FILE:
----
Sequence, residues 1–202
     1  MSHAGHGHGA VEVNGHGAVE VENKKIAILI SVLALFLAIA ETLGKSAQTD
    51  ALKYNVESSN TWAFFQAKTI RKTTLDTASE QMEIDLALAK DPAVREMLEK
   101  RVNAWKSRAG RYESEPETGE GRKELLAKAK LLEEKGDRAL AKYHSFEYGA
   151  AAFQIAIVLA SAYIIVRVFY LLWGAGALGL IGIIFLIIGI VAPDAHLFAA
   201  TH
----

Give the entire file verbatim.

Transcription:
Sequence, residues 1–202
     1  MSHAGHGHGA VEVNGHGAVE VENKKIAILI SVLALFLAIA ETLGKSAQTD
    51  ALKYNVESSN TWAFFQAKTI RKTTLDTASE QMEIDLALAK DPAVREMLEK
   101  RVNAWKSRAG RYESEPETGE GRKELLAKAK LLEEKGDRAL AKYHSFEYGA
   151  AAFQIAIVLA SAYIIVRVFY LLWGAGALGL IGIIFLIIGI VAPDAHLFAA
   201  TH